Hierarchies And Networks And Which Are Better When


Thursday, 8.17pm

Sheffield, U.K.

Power is changing hands, from dying hierarchies to living networks. – Marilyn Ferguson

Matthew Syed’s book Rebel ideas: The power of diverse thinking reminded me of the work of Jordan Peterson, who popped up on the occasional YouTube video. Peterson is a “man’s man” sort of character – and what I caught from these brief videos was a sense of a “no punches pulled” character with strong opinions. It turns out that his views may be on the extreme side and perhaps wrong as well as dangerous, but let’s leave that aside and focus on one particular idea.

Peter suggests that dominance hierarchies are a feature of groups and go back hundreds of millions of years – lobster’s brains are wired in this way. I wrote about this previously here and we still examples of this in many aspects of our lives. The military is organized this way, some companies are too. Many public sector institutions have a hierarchy at their core.

Or do they?

It’s one thing looking at animals and saying the big, strong ones have all the fun – they get to lord over their territory and have their pick of mates. This idea of social structure leads to a “command and control” approach and is the sort of thing that comes to mind when we think of many social situations, and is not helped by stereotypes in the media and popular culture.

It’s also a particularly male point of view. Syed points out that when you really look at animal populations this idea of males being in charge starts to break down. Females have more choice than you think. Groups can be led by matriarchs rather than bulls. It turns out that things aren’t quite that simple.

Syed points to anthropological research that found that there is another kind of structure based on what he calls prestige. This is about connections, about the web of relationships one has.

A hierarchy works in many cases – when you have a clear objective, when you’re trying to fight a battle, when it’s important to get on with a task than argue about who gets to lead. But in a much larger number of cases we have to get on with daily life and sort out the things that need to get done.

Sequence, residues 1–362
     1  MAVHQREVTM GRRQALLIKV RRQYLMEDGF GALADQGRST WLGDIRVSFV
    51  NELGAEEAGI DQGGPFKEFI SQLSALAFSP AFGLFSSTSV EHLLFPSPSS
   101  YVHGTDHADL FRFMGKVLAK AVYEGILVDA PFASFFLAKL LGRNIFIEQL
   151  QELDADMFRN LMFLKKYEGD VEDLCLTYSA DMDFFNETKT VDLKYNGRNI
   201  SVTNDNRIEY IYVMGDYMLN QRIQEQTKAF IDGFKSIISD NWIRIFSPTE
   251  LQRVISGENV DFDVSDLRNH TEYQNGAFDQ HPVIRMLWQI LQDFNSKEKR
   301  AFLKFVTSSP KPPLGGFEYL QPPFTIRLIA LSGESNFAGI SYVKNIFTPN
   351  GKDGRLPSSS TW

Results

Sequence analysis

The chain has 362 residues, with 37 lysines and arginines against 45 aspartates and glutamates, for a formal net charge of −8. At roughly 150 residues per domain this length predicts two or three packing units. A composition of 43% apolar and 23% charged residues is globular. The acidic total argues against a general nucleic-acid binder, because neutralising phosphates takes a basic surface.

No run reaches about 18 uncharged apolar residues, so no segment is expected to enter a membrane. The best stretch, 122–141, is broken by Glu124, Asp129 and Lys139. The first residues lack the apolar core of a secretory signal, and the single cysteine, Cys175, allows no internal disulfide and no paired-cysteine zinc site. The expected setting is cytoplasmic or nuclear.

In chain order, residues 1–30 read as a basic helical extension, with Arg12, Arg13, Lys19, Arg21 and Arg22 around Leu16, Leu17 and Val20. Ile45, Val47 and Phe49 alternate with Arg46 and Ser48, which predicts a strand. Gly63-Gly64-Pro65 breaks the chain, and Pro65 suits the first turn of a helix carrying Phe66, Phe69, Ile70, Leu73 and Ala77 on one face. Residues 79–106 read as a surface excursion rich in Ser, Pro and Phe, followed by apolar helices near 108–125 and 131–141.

It turns out that we can do this better when we harness the collective intelligence of groups. There’s a romantic notion that great ideas come from lone geniuses. In fact the vast majority of ideas come from teams that work in societies where they can share and access ideas.

There’s a special case of harnessing collective intelligence that has to do with day to day work. Every time you have a meeting, work on a project, get a team together – you have to make choices about who to include or exclude, who to talk to and who to ignore. They way in which you do this will determine whether you end up with a homogeneous group that has the same sort of ideas or a mixed group that can be creative and contribute something new.

But how do you get different people to get involved and participate – won’t it end up being lots of people arguing because they don’t really understand one another?

That’s where the concept of “procedural justice” plays an important role. You have to design a method of engagement that makes people feel like they have been included, allowed to speak and been listened to – been heard. This is when they will have trust that the process works for them.

Hierarchies are simple, but they may also be a thing of the past. The future needs us to understand one another, not dominate one another.


Karthik Suresh

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